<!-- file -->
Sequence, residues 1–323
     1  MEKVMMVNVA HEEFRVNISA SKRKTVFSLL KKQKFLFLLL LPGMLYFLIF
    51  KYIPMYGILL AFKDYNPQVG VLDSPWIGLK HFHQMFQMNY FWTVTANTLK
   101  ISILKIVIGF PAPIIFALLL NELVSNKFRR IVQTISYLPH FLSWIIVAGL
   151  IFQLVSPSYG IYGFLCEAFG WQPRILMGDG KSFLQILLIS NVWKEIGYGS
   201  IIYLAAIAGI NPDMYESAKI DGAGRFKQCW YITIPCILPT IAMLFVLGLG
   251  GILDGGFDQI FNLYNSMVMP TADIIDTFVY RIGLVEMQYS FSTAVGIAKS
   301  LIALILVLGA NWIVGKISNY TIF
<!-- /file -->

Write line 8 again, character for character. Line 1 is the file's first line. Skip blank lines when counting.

   301  LIALILVLGA NWIVGKISNY TIF